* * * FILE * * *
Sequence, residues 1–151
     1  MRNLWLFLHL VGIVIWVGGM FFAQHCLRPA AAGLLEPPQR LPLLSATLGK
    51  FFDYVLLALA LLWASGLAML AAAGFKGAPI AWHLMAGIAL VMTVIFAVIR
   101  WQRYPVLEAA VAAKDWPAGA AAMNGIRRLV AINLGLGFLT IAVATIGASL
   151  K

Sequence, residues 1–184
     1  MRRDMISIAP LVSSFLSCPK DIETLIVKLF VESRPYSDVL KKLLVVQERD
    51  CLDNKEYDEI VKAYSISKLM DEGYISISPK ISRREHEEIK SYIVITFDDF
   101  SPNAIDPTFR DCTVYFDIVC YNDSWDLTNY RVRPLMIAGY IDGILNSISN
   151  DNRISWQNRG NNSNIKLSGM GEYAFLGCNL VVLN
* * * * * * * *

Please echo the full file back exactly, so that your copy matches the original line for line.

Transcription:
Sequence, residues 1–151
     1  MRNLWLFLHL VGIVIWVGGM FFAQHCLRPA AAGLLEPPQR LPLLSATLGK
    51  FFDYVLLALA LLWASGLAML AAAGFKGAPI AWHLMAGIAL VMTVIFAVIR
   101  WQRYPVLEAA VAAKDWPAGA AAMNGIRRLV AINLGLGFLT IAVATIGASL
   151  K

Sequence, residues 1–184
     1  MRRDMISIAP LVSSFLSCPK DIETLIVKLF VESRPYSDVL KKLLVVQERD
    51  CLDNKEYDEI VKAYSISKLM DEGYISISPK ISRREHEEIK SYIVITFDDF
   101  SPNAIDPTFR DCTVYFDIVC YNDSWDLTNY RVRPLMIAGY IDGILNSISN
   151  DNRISWQNRG NNSNIKLSGM GEYAFLGCNL VVLN